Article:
The only visible outpost of the 21st Century is the nearby town of Goshen (population about 874), where one of the biggest previous biggest tourist attractions is a non-functional vintage Sinclair gas station owned by a local collector, a favorite photo spot of passing bikers.
Access to the Jerusalem set is strictly controlled, with surveillance cameras and a keypad (a bit incongruous on what looks like a farm fence in the middle of nowhere).
On-site caretakers look after the set and keep away the curious -- which apparently included two would-be cast members who made a pilgrimage to pray outside the gates (they didn't get in).
The set itself covers two football fields. The stone may be faux -- sculpted Styrofoam covered in stucco -- but the structure is quite sturdy and, as you can see in the video below, beautifully detailed.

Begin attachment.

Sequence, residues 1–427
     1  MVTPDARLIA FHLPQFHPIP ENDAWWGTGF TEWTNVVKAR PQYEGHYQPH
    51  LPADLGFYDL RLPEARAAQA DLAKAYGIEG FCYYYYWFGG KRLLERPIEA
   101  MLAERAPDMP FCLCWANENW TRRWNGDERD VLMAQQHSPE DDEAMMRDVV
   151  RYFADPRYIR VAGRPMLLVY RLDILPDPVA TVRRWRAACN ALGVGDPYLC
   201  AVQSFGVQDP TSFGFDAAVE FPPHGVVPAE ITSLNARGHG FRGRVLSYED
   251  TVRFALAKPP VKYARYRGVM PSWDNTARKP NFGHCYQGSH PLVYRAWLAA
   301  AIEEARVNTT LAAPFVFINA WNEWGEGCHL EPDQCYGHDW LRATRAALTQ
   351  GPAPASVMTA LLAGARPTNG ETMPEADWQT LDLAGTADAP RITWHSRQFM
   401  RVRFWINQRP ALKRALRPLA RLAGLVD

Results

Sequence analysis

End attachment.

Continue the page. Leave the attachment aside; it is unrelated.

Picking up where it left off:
By blending different architectural styles, different textures of stone and wood, the set achieves the look of a city built over centuries -- as, indeed, Jerusalem was and is.
As any filmmaker will tell you, one of the most difficult things about shooting outdoors is having to hide things you don't want people to see. But, because of the set's remote location, and the way the buildings and streets are arranged, there are many places where you can turn 360 degrees and see nothing but Jerusalem.
There are no inside sets at the location. While there is some permanent infrastructure, most of what's needed for supporting a film crew and cast is brought in.
Obviously, the set only includes a fraction of the original Jerusalem, but with clever angles, set dressing and some CGI augmentation, it creates an impressive illusion.
Take a look:
Click here to learn all the ways you can watch The Chosen, whether on YouTube, streaming, linear TV or through its custom app.
Image: Angel Studios
Kate O’Hare, a longtime entertainment journalist, is Social Media Manager at Family Theater Productions.